A nap to recap: How reward, daytime sleep boost learning

News Brief by Catie Donlon

        A recent study from the University of Geneva has found that sleep may help strengthen memories that are associated with rewards. In their experiment, 31 volunteers were trained to remember pairs of images and were told that if they remembered four or more pairs, they would receive a reward. Before their memory was tested, participants were given a 90-minute break in which one group of volunteers slept while another group stayed awake. Then the volunteers’ memories of the paired images were tested while fMRI scans were taken to measure brain activity.  After the memory test, the participants were asked how confident they were in their answers. The same memory test was performed three months later. The study found that the group that slept after learning performed better than the awake group both after 90 minutes and after 3 months. Not only that, but the sleeping group was more confident in its answers. The fMRI scans showed that the sleeping group also had more activity in the hippocampus, an area of the brain responsible for forming memories, as well as a stronger connection between the hippocampus, the medial prefrontal cortex, and the striatum. These brain areas are involved in the consolidation of memories and rewards. These results led the scientists at the University of Geneva to conclude that sleep helps memories be transferred to long-term memory and that sleep may help increase learning.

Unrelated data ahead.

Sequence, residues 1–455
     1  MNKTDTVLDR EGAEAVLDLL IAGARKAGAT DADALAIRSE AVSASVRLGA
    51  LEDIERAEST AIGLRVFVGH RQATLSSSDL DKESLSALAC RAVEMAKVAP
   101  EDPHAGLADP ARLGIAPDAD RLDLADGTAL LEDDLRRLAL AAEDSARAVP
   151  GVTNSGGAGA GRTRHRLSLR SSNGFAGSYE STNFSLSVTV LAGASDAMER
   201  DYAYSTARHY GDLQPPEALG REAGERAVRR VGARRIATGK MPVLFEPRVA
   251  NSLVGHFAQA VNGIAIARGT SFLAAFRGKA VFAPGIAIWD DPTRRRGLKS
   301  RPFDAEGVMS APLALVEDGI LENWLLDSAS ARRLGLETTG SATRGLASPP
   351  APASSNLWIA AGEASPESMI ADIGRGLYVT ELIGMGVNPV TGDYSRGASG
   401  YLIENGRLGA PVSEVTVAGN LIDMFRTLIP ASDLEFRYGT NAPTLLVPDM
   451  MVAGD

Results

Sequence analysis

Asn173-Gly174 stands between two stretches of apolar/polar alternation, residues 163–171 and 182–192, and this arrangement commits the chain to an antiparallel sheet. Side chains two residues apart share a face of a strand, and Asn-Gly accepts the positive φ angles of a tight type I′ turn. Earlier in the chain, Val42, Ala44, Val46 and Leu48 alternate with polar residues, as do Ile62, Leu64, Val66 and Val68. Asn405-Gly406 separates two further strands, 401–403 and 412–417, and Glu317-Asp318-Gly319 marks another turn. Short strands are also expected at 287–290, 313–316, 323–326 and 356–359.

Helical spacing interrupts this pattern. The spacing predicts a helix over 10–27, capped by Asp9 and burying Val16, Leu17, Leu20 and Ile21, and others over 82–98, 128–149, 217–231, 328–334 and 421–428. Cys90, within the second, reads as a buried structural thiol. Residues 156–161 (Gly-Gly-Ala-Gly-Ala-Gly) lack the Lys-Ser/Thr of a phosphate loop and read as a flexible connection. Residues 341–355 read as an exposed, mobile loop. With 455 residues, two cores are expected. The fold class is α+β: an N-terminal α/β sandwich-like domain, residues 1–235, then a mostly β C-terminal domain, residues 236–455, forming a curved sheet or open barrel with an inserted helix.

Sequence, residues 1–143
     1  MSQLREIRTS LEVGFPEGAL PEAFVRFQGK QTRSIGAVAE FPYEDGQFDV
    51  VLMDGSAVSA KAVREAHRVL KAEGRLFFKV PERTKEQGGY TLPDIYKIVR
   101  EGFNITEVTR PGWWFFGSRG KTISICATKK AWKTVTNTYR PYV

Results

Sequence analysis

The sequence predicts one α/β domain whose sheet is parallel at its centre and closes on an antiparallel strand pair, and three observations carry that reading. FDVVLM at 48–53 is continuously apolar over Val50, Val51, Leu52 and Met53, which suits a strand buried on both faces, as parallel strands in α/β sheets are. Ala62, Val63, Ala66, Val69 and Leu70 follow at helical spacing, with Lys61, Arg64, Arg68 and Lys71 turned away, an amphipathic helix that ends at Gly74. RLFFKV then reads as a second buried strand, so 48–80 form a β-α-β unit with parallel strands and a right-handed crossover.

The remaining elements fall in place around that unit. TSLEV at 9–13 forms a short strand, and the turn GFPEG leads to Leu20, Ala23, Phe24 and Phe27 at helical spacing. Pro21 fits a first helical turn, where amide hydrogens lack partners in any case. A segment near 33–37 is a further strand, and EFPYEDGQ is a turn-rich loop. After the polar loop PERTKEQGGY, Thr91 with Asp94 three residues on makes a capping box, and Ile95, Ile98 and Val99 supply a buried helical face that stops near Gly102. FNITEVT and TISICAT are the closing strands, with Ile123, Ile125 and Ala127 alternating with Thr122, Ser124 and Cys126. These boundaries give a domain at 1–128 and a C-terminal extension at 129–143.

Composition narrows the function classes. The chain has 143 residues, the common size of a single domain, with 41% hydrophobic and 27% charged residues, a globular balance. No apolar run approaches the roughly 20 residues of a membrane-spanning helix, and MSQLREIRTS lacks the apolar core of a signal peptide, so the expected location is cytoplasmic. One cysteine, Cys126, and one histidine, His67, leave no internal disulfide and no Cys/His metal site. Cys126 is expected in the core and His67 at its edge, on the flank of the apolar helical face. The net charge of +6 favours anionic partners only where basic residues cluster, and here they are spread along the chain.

eLife. (2015, October 16). A nap to recap: How reward, daytime sleep boost learning: Findings could benefit educators.ScienceDaily. Retrieved November 23, 2015 from www.sciencedaily.com/releases/2015/10/151016135315.htm